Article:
Society for American Archaeology 80th Annual Meeting, San Francisco, CA (2015)

Part of: Society for American Archaeology

This collection contains the abstracts from the 2015 annual meeting of the Society for American Archaeology. Most files in this collection contain the abstract only. The Annual Meeting of the Society for American Archaeology provides a forum for the dissemination of knowledge and discussion. The 80th Annual Meeting was held in San Francisco, California from April 15-19, 2015.


Resources Inside This Collection (Viewing 901-1,000 of 3,697)


  • Archaeology Field School at A Community College: An Outreach Opportunity (2015)
    DOCUMENT Citation Only Anne Griffith.

    In the summer of 2014 St. Charles Community College (SCC) in Cottleville, MO offered, for the second year in a row, an archaeology field school. This project was an opportunity for people outside of a traditional 4-year college or university setting to engage first-hand in archaeological field work. By offering the field school through a community college, students who might not otherwise be able to afford a regular field term got valuable hands-on experience—many St. Charles students (and...

  • Exposed Again: Current Environmental Impact on Dugout Canoes---their Research and Care! (2015)
    DOCUMENT Citation Only Donna Ruhl.

    Across Florida, severe drought in recent years lowered water levels, especially in 2000 and then again a decade later. Both times this resulted in the exposure of dozens and dozens of ancient dugout canoes. This trend occurred not only in Florida, but also the greater southeastern U.S. This paper discusses the concerted efforts of state and local agencies as well as private stewards to document the environmental impact on these canoe finds, as exposure to sun and elements accelerated their...

  • Learning Landscapes within an Ancestral Wendat Village (2015)
    DOCUMENT Citation Only Steven Dorland.

    This paper concerns my proposed doctoral research that focuses on learning environments within Ancestral Wendat potting communities, more specifically, the 15th Century AD Keffer village. My theoretical perspective is grounded in a framework of apprenticeship, and experiential philosophy that emphasizes the experience and interaction of an individual within the material world, interwoven with both social and body memory. My methodological approach consists of micro-variation analysis to identify...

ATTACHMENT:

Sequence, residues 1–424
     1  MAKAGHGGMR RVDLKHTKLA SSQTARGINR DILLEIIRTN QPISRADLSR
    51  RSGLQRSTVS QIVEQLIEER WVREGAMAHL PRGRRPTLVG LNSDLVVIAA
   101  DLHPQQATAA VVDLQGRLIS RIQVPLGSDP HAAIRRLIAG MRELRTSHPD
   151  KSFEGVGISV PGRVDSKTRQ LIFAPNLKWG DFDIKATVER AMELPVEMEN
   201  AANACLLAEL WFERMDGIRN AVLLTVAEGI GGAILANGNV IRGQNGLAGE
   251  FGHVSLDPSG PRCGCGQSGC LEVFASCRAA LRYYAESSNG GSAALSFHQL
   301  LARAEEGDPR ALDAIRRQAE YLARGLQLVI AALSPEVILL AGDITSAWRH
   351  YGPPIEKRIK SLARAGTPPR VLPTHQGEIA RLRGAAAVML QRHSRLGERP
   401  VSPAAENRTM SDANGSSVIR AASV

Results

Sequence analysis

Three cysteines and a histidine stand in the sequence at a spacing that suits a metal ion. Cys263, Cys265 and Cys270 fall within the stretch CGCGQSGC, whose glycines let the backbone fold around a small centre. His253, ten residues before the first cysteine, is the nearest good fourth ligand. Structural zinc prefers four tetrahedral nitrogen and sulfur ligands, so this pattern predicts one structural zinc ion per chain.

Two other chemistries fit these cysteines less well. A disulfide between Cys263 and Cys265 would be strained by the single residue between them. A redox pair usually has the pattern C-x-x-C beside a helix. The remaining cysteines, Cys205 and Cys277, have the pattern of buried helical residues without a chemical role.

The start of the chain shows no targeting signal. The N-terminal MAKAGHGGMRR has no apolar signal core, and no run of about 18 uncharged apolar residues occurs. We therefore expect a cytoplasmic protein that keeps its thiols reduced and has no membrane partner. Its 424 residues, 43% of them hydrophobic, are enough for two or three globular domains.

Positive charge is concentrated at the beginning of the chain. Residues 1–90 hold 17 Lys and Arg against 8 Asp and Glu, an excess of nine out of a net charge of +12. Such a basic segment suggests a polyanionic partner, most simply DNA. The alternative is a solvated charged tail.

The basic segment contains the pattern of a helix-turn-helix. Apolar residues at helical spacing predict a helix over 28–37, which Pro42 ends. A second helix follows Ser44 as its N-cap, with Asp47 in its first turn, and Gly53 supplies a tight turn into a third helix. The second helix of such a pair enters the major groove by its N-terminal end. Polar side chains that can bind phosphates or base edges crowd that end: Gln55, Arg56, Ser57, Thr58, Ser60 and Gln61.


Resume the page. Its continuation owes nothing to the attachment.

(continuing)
• Evaluating lithic microwear traces in terms of settlement mobility patterns and raw mateiral distributions (2015)
    DOCUMENT Citation Only Kaoru Akoshima.

    The paper investigates concrete methods to evaluate lithic microwear data in conjunction with human mobility patterns and raw material distributions. Since the discovery of micro-polish variety reflecting different worked materials, use-wear analysts emphasized reconstruction of individual behavioral episodes at the site location. However, actual wear traces reveal highly complex patterns, partially attributable to combined factors of mobility and raw material selection. Conventional methods of...

  • Changing Environments and Economies: A Zooarchaeological Study of the Eastern Pequot (2015)
    DOCUMENT Citation Only Courtney Williams.

    This zooarchaeological study examines the recovered faunal remains from a mid- to late-18th century household site on the Eastern Pequot reservation in North Stonington, Connecticut. The results of this study indicate the residents’ incorporations of European-introduced practices and resources with traditional subsistence practices. The site yielded a mixture of faunal remains from domesticated and wild species. Over the course of the 18th century, the residents came to rely on...

  • Rejection or Reinvention: Rethinking social hierarchy in the post-collapse Colla polity (AD 1000-1450) of southern Peru. (2015)
    DOCUMENT Citation Only Erika Brant.

    The collapse of the highland state of Tiwanaku, around AD 1000, was accompanied by a dramatic uprising against the ruling elite. Elite ancestor effigies placed in large open plazas were iconoclastically disfigured, while the Putuni Palace, home to Tiwanaku’s ruling dynasty, was leveled. In the post-collapse period, Titicaca basin peoples abandoned the symbols of Tiwanaku’s authority. A 1500-year tradition of ritual architecture and craft goods disappeared, and ritual practice turned to the...

  • New genetic perspectives on early maize cultivation in the American Southwest (2015)
    DOCUMENT Citation Only Nathan Wales. Jazmín Ramos Madrigal. M. Thomas P. Gilbert.

    Following the initial domestication of maize (Zea mays ssp. mays) from a teosinte grass in Mexico, human populations dispersed the cultivar through trade and migration. Despite a long history of archaeology in the American Southwest, many questions about maize remain, including how the crop was dispersed northward from Mexico and how maize was acclimated to new environments. These unresolved questions can be explored in new ways, thanks to next-generation DNA sequencing technology and targeted...

  • Seeing Red: Characterizing Historic Bricks at Sylvester Manor, Shelter Island, New York 1652-1735 (2015)